classic,  readalong

‘Lady Chatterley’s Lover’: Readalong Post Two

I had originally scheduled this to post itself yesterday. More to the point, actually, I thought I had. Turns out not so much. So a little belatedly, here are my thoughts on the second half of Lady Chatterley’s Lover by D.H. Lawrence.

This is the second half of the Lady Chatterley’s Lover readalong hosted over at A Literary Odyssey.

My post on the first half of the book can be found here.

I rolled into the second half of the book admiring Lady Chatterley in a strange way for having the character to go against social conventions and take her husband’s gamekeeper as her lover. My admiration was rapidly sapped by the second half of the book. As Lady Chatterley falls more in love with Mellors, she loses the spark and sense of independence that I had so respected and becomes rather feable. I admit that by the end I had come back around slightly towards respect, it was far away from how I felt in the first half. Perhaps I’m more of a feminist than I realised but I was frustrated by Lady Chatterley doggedly pursuing freedom from Clifford only to lose her sense of self and individuality in her love of Mellors.

I also found that the portrayals of sex became more…odd. I appreciate that the effect that might have been being pursued was one of unity and of the characters merging together but the excessive references to waves and colours became a bit much for me. Don’t judge me for preferring the earlier sensory descriptions to the later metaphorical ones!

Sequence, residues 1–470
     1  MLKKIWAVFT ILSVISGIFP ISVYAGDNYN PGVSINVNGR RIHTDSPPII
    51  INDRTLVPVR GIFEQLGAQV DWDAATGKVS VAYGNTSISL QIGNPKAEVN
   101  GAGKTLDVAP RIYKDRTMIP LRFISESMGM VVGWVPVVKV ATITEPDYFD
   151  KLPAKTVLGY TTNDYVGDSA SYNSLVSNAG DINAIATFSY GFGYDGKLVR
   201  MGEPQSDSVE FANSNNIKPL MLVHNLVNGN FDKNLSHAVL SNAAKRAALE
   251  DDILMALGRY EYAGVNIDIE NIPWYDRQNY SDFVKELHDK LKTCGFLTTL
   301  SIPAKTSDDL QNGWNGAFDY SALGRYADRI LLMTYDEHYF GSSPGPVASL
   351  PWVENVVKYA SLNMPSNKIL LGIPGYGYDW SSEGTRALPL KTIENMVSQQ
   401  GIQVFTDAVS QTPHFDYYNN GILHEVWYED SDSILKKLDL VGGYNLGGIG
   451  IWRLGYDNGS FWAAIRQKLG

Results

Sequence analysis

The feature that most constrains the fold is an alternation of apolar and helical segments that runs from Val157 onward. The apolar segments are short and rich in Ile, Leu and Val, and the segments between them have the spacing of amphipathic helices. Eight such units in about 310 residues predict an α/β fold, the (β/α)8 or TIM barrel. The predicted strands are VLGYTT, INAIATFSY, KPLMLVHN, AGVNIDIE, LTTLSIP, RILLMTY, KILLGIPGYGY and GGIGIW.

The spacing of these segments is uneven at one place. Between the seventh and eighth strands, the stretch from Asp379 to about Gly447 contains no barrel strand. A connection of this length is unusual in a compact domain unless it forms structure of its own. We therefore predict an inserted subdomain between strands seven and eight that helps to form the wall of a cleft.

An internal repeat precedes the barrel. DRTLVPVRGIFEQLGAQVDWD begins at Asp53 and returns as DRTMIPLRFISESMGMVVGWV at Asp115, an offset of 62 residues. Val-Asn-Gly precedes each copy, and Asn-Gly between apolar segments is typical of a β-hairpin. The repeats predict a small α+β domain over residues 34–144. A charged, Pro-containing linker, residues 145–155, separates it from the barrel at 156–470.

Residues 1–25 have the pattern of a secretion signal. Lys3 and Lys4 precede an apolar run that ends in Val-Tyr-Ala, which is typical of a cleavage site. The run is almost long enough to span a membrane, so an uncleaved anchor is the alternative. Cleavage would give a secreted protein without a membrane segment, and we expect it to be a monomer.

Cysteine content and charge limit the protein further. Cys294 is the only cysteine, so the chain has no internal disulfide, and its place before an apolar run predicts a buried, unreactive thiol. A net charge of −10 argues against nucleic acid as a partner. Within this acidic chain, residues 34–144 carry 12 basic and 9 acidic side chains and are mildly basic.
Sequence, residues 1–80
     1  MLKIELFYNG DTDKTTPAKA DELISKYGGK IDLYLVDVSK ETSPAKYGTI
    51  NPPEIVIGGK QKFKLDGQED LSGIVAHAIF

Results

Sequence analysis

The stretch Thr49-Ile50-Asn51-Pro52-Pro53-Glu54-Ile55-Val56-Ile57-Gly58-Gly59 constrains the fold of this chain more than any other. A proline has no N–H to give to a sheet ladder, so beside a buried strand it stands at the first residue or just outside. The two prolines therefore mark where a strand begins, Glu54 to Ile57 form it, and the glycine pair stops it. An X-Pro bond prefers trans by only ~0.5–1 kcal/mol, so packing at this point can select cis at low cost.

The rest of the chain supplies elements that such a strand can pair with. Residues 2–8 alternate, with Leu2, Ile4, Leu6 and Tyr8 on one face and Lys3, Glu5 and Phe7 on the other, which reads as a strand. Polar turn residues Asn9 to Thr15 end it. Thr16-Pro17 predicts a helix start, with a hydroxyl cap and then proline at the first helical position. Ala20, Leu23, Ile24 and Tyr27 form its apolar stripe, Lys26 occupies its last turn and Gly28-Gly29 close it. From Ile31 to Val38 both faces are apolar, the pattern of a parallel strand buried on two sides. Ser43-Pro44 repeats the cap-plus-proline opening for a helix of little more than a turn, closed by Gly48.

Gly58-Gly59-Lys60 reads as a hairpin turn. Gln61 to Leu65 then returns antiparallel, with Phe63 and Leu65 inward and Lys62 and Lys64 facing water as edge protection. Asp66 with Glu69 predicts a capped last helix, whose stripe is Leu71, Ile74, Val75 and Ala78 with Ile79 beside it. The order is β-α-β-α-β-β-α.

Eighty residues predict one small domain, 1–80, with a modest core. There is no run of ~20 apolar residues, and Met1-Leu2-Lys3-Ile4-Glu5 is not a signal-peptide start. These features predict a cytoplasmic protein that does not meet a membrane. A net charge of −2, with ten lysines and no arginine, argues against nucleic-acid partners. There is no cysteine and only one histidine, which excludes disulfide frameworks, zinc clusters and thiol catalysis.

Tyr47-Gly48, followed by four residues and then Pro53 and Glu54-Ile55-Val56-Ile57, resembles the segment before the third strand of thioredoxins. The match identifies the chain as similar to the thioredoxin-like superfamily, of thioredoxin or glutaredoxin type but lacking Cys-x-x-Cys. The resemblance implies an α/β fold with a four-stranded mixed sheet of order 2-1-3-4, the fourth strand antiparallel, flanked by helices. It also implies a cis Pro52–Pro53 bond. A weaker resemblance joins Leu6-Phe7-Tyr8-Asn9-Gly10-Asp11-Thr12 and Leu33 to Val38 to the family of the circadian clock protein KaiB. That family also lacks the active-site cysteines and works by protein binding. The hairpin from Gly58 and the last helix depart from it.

Clifford remained as vain and uncharismatic as he was early on. More so, I suppose, as he begins to fear Connie’s independence.

I think the most interesting character of the second part of the book is Mrs. Bolton, a carer taken on by Connie to free herself from the role. Mrs. Bolton highlights the disparity between the classes brilliantly. She is intrigued by her upper class employers and is eager to learn more about their lies but at the same time despises Clifford as the owner of the mines that killed her husband. The relationship between the two is extremely complex and I found it kind of disturbing. She treats him as a child, and he is happy to let her, becoming increasingly dependant on her. I’m sure Freud would have had a field day…

Again, I find myself writing about the characers but I’ve been left with an impression that they were the novel. The plot felt almost incidental to how they developed and interacted and were affected by external forces.

Overall: I’m definitely glad I read this book – it does raise some interesting points on social class, love and sex and social history. There isn’t so much in the way of plot but the characters are interesting enough that it doesn’t seem to matter. I think it would perhaps benefit from being read quickly, as I found that my dawdling through the second half just allowed me more time to become annoyed by Lady Chatterley.

The writing style is strong and direct and it’s worth reading if just to experience Lawrence’s unique voice. I would read other books by Lawrence so I suppose that’s as good an indication of my impression as any!